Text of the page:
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“Brain Pacemakers”—A breakthrough in treatment of depression?

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For anyone who has been affected by depression  it is no secret how devastating the disease can be for them and their families. But if the results from a small study published by a group at Germany’s Bonn University Hospital hold up, there could be a radical transformation in the treatment of depression.

The authors reported that six of seven severely depressed test subjects showed a significant reduction in symptoms such as “anxiety, despondence, listlessness and joylessness” – within a matter of days of starting the treatment. And the results appear to be long lasting—as much as 18 months.

One quote is especially poignant. “After months of deep sadness, a first smile appears on a patient’s face. For many years, she had suffered from major depression and tried to end her life several times. She had spent the past years mostly in a passive state on her couch; even watching TV was too much effort for her. Now this young woman has found her joie de vivre again, enjoys laughing and travelling.”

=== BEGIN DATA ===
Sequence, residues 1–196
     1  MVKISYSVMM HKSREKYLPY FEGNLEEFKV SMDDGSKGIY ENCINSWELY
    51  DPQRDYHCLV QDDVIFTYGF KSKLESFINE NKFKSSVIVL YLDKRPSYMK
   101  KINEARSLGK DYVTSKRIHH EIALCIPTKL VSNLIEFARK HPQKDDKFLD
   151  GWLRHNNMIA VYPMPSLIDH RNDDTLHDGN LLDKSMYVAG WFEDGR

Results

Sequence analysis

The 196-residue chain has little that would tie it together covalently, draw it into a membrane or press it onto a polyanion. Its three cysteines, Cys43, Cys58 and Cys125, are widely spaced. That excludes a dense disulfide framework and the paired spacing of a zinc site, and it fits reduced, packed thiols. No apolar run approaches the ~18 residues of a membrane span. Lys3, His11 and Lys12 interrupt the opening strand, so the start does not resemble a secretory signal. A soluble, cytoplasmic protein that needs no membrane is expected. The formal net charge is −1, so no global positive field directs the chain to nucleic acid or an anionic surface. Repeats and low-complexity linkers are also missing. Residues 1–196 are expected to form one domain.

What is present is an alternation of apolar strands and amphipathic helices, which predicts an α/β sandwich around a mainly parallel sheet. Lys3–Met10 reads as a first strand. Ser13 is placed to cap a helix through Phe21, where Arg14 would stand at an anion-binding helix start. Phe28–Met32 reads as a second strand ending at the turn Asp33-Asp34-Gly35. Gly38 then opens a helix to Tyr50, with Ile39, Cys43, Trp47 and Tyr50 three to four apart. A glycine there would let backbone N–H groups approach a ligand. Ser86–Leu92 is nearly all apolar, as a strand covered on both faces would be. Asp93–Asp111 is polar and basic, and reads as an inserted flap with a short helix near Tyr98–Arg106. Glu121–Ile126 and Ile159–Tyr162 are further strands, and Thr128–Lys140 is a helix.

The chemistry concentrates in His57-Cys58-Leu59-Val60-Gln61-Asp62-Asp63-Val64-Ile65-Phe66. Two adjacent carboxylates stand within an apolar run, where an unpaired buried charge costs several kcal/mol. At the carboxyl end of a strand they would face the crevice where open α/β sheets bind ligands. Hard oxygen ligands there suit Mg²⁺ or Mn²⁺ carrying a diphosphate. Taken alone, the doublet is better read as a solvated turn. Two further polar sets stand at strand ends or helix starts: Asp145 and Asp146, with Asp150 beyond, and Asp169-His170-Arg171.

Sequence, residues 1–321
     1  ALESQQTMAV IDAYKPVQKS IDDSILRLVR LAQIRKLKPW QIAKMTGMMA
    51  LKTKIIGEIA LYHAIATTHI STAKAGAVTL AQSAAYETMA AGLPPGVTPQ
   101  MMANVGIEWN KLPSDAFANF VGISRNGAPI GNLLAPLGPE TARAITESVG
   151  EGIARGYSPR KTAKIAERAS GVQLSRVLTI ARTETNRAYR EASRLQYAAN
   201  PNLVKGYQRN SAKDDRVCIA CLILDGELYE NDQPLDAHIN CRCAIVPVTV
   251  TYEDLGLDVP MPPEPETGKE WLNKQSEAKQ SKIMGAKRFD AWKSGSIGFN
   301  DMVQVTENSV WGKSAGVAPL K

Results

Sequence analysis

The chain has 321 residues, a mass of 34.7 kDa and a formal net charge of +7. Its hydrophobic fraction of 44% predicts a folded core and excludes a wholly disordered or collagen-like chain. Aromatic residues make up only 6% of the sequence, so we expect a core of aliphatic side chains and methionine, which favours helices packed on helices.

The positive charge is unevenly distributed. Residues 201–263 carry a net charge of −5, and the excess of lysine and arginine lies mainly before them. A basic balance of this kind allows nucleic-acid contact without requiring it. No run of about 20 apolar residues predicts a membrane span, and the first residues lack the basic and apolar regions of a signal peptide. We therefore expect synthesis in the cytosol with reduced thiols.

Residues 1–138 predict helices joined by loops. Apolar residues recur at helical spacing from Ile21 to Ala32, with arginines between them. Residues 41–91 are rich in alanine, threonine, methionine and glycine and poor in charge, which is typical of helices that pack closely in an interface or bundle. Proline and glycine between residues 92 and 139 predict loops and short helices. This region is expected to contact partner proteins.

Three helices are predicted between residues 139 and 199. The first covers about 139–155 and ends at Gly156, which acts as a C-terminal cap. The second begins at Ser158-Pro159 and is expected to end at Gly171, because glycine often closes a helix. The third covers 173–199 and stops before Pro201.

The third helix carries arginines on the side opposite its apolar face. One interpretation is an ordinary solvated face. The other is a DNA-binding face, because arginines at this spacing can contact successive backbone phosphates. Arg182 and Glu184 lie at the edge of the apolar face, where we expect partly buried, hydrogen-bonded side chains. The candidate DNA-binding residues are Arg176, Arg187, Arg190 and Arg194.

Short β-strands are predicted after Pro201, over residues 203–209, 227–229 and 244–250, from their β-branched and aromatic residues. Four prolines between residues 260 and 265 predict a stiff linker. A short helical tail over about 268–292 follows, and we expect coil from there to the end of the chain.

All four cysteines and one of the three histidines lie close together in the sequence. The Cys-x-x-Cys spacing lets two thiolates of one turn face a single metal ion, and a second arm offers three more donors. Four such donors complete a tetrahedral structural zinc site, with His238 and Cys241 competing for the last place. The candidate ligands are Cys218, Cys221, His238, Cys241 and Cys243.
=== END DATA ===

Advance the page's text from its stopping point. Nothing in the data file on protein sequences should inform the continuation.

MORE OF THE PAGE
Deep brain stimulation has been used before with partial success.  In earlier studies, the implant was placed in the nucleus accumbens region of the brain. In the new study, the medial forebrain bundle was targeted.

ACSH’s Dr. Josh Bloom comments, “This is potentially huge. Although current antidepressants are effective for many people, about one-third of patients will not have adequate responses to any of the drugs, which also carry a host of side effects. A non-pharmacological approach to depression would be an enormous advantage.” He adds, “This should also help reinforce the idea that depression is a physical disease of the brain—not just a bad mood. Telling someone to ‘snap out of it’ is like telling someone with Parkinson’s to stop shaking.”

ACSH’S Dr. Gilbert Ross added, “It has long been known that electroconvulsive therapy — ECT or “shock treatment” — is often effective in alleviating severe depression, although the precise mechanism of its beneficial effects are not well understood. Also, the effects often short duration, and adverse reactions including some memory loss have been impediments to widespread use. Popular perceptions based on old movies are also a problem when offering this therapy to patients. I would assume that the current study’s electrostimulation works to counter depression similarly to ECT’s mechanism. Obviously larger and longer-term studies are needed but hopefully this simple procedure will help to reduce the toll of a devastating illness.


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